Beginnings are important. Often, how you start something can predict how successful you will be at completing that particular task or event.
Given that truth, it is interesting how each of the four areas of the Bible we will look at every day throughout this year (Old Testament, New Testament, Psalms, Proverbs) begins.
Our Old Testament readings begin with the creation of the world. How did all of this get started? What should we understand about the one who made us? We discover that God created the world. If you take nothing else from these first chapters of Genesis, know this: “In the beginning, God created…”
But we also discover something about God’s concern for us, his creation. Notice that he cares that Adam is alone, that he has no suitable partner. Relationships are important to God, not just our relationship with him, but also our relationship with others. God doesn’t just place us in the world to fend for ourselves, he places in the world in the midst of others with others with whom we have relationships.
Matthew begins with a listing of the genealogy of Jesus. It is an indicator of his roots, his background, where he’s from. It places him firmly within the line of Abraham, God’s chosen person from long, long ago.
We will discover that God makes a promise to Abraham that he will become a great nation. This man Jesus, who comes to earth under a star and is searched out by wise men, is the culmination, yet also the beginning, of that great nation in its fullest sense. God still is seen as active in moving toward people to draw them into a relationship with him.
Psalms serve as a songbook of God’s people. It describes the praises of God’s people to God and their response to his actions in their lives. Is it any wonder then that the first psalm in the book reminds us that those who “delight in the Lord” and his laws are the ones who are blessed, the ones who find joy in their lives?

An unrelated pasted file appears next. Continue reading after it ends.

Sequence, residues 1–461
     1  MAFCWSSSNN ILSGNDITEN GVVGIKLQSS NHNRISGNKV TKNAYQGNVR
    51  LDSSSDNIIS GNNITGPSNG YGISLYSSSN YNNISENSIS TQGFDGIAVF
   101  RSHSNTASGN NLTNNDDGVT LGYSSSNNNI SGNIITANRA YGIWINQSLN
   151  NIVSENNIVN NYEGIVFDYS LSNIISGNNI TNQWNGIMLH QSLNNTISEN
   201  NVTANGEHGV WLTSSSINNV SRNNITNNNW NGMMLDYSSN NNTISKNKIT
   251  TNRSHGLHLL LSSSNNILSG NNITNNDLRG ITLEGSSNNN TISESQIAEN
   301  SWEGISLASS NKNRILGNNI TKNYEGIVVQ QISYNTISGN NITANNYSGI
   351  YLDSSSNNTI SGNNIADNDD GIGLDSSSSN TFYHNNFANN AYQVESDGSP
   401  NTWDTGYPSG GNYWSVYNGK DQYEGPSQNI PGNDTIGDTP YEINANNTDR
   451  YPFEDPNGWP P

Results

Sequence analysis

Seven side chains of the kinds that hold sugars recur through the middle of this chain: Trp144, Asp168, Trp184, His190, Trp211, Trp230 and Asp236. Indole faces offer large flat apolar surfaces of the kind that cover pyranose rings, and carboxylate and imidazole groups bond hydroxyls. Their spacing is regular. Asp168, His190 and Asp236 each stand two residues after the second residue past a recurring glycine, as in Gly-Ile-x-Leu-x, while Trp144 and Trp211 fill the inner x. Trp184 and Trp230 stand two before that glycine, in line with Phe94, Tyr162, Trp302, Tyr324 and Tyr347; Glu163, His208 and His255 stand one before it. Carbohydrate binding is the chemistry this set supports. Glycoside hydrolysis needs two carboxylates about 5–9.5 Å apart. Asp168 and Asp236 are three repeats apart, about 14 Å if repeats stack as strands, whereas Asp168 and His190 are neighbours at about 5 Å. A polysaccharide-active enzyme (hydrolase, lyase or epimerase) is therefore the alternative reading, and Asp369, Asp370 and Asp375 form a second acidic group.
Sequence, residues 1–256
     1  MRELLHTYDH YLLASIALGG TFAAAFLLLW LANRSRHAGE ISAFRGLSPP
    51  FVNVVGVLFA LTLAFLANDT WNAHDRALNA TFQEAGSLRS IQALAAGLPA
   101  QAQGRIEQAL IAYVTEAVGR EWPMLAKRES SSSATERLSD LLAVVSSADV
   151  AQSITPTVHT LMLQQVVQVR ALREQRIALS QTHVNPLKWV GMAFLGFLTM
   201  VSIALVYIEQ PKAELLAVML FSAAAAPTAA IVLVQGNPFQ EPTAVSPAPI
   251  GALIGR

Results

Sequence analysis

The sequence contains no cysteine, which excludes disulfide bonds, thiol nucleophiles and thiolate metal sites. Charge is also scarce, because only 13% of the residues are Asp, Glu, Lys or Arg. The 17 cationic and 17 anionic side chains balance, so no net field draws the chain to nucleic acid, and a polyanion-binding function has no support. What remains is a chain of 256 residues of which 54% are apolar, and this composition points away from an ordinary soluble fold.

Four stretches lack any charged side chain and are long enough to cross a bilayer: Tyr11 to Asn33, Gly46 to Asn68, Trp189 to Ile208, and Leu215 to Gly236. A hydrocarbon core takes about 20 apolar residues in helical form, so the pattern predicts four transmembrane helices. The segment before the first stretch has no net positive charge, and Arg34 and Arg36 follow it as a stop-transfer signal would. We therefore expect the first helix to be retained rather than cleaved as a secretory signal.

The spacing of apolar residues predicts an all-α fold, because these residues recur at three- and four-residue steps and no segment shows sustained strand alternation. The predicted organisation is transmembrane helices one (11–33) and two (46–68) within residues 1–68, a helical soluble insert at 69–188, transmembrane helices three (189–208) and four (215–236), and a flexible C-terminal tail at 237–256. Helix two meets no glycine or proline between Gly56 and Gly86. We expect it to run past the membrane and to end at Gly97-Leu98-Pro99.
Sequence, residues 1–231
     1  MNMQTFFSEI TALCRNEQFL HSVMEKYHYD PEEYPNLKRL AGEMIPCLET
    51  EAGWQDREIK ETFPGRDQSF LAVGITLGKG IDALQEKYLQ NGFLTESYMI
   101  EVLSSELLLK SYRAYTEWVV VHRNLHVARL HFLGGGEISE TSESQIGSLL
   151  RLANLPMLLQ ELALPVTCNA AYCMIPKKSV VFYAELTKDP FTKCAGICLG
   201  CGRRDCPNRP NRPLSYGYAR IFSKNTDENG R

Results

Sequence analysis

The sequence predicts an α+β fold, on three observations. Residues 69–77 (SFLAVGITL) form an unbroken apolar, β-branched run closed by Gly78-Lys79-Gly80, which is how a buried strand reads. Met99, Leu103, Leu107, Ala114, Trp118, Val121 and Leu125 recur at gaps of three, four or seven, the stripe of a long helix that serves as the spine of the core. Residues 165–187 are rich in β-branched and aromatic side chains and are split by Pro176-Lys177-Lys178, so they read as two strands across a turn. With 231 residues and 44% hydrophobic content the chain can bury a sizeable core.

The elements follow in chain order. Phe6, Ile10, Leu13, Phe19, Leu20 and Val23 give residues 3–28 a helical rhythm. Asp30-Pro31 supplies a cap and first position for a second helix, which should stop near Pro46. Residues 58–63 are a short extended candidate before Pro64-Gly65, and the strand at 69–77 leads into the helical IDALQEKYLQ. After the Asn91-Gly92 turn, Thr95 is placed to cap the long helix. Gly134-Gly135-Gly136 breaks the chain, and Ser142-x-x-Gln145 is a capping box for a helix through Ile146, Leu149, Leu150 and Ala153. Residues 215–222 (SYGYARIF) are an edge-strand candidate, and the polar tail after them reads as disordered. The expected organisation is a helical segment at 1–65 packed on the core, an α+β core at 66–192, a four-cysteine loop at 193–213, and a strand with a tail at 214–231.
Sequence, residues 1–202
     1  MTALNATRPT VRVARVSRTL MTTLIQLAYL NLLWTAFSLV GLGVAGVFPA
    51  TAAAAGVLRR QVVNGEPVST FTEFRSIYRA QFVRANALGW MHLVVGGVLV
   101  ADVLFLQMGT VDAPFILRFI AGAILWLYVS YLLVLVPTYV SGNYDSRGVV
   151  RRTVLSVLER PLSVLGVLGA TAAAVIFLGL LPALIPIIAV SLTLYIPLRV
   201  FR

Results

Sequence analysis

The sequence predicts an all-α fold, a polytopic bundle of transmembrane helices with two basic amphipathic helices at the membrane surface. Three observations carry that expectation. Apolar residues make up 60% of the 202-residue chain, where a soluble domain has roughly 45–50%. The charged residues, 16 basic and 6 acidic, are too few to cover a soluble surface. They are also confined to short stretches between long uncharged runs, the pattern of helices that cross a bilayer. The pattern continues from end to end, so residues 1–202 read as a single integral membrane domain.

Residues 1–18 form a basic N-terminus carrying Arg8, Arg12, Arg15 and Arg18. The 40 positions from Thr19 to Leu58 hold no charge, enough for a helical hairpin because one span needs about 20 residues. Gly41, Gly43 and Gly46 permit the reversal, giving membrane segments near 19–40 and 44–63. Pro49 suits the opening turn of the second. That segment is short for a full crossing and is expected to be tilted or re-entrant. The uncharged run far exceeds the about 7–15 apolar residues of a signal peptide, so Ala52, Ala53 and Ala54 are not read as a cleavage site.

Finally, the Proverbs remind us of the instructions important to following God. Want to find that good life the writer mentions? It is found in the wisdom of God’s word.
As we begin a year of reading through Scripture, allow today’s readings to remind you of the importance not just of the habit of daily reading, but also the value of that which you will be reading throughout the upcoming year.
Let these readings be the first day of great beginnings.
Genesis shows us that God had concern for Adam, specifically that he had no one with whom to have a relationship and as a result, he was alone. In what ways have your relationships with others been “sacred,” that is, helped you strengthen your own relationship with God? How can you develop relationships that help you do this better?
What sort of joy do you feel when you discover signs that point you to Jesus?
Do you delight in the law of the Lord? What are some ways you might be able to delight more in his word and allow his word to guide you even more than it does now?
We often find ourselves seeking ideas or knowledge that help us live a better life. What sort of things have you seen recently (especially around this time of resolving to better ourselves) that people use for their own betterment? How do these compare to the things the Proverbs writer lists as how to live “disciplined and successful lives?”